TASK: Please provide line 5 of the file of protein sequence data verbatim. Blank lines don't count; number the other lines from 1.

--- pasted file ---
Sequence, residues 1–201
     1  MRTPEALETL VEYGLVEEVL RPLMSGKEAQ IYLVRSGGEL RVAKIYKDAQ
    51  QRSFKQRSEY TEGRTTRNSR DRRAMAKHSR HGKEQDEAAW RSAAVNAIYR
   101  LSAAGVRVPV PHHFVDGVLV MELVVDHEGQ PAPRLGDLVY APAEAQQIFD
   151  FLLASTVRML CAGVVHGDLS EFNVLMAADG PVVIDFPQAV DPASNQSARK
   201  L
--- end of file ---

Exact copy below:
   151  FLLASTVRML CAGVVHGDLS EFNVLMAADG PVVIDFPQAV DPASNQSARK